Magical summers have lazy vacations, barbeques, 4th of July fireworks, and fireflies. As a child, it seemed the firefly’s light shows could rival the fireworks – but not so this year. There just seemed to be a myriad more fireflies in my younger days compared to now. Was this true? Have the fireflies been disappearing? Research on fireflies has only quite recently begun but already a decline in their populations has been observed. Very little is still understood about fireflies but scientists are warning that fireflies may become rare and eventually extinct with some predictions as soon as the next couple generations. Imagine, our grandchildren only being able to just tell their grandchildren of fireflies with none left alive in existence. Indeed, a depressing thought.
It is hard to imagine summer without fireflies.
Scientists have recently excelled their efforts in the research of these magical creatures. The firefly tale begins in the tail. It produces what is called “cold light” and is caused by a mixture of three chemicals: Luciferin (a chemical that is heat-resistant and glows under the right conditions), Luciferase (an enzyme that triggers light emission) and ATP (a chemical that converts to energy and initiates glow and one that all living things contain). In some species, even the eggs and larvae emit light –GLOWORMS! So far, the research of the firefly has proven both medically and scientifically useful.
Fireflies love warm and humid environments and thrive in forests, fields, marshes, near lakes, rivers and ponds. They can be found on all of the continents except Antarctica, coming out in the summertime to the world’s delight. It is unfortunate that there is plenty of antidotal evidence that areas once full of fireflies (going back generations), have seen recent and dramatic population decreases. The cause of the disappearance is still being researched however, most scientists blame development and light pollution. As open fields and forests are paved over, fireflies’ habitats disappear. The increased use of pesticides and herbicides are also a factor. Habitats disappear under housing and commercial development so firefly numbers dwindle.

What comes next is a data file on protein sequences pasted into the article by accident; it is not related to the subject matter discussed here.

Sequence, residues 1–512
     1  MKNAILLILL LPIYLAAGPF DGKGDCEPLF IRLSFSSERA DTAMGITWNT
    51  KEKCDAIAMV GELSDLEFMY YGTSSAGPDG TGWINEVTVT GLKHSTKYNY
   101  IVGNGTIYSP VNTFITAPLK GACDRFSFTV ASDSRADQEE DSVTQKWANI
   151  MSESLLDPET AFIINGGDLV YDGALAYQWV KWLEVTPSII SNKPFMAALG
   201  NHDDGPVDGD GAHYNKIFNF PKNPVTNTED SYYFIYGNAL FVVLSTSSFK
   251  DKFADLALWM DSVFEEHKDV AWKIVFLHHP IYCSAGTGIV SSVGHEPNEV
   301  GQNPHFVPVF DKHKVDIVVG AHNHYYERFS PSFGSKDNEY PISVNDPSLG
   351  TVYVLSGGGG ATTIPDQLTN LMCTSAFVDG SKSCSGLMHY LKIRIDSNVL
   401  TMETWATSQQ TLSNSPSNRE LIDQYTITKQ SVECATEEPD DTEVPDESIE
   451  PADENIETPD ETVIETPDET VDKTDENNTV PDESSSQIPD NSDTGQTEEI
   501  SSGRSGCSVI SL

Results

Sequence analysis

TOO MUCH LIGHT AT NIGHT
The male and female fireflies use flashing lights to communicate and attract mates. Human light pollution is believed to interrupt these flash patterns. Lights from homes, streetlights, cars, and so on have made it difficult for fireflies to signal each other for mating, meaning fewer firefly larvae next season.
So what can you do to save the fireflies?
- Turn off outside lights at night and draw blinds.
- Don’t over-mow your lawn (you’re welcome dad) –fireflies live on the ground during the day and over-mowing disrupts them. Consider areas of long grasses in landscaping.
- Create water features in your landscapes (such as small ponds or a diverted river).
- Plant Trees!!! Pine is a firefly favorite as the canopy provides a low light area.
- Let some log litter accumulate (this is especially for those who live beneath forest canopies).
- Do NOT introduce earthworms to your yard! This not only causes the reduction of plant diversity it also causes the reduction of food availability for fireflies.
- Use natural fertilizers as chemical fertilizers have a definite effect on fireflies-say no to lawn spray!
- Use fewer pesticides. Many communities spray for mosquitoes at night and inadvertently poison the fireflies. We encourage a broad spectrum mosquito control program including reducing standing water and the use of larvacides. Talk to your community leaders as many have found that this can actually save money and have a less impact on firefly species.
- Talk to your neighbors and get involved. There is even a way to get your garden certified through the National Wildlife Federation (www.nwf.org).
It is up to us to save the fireflies before they are glowing, glowing, gone!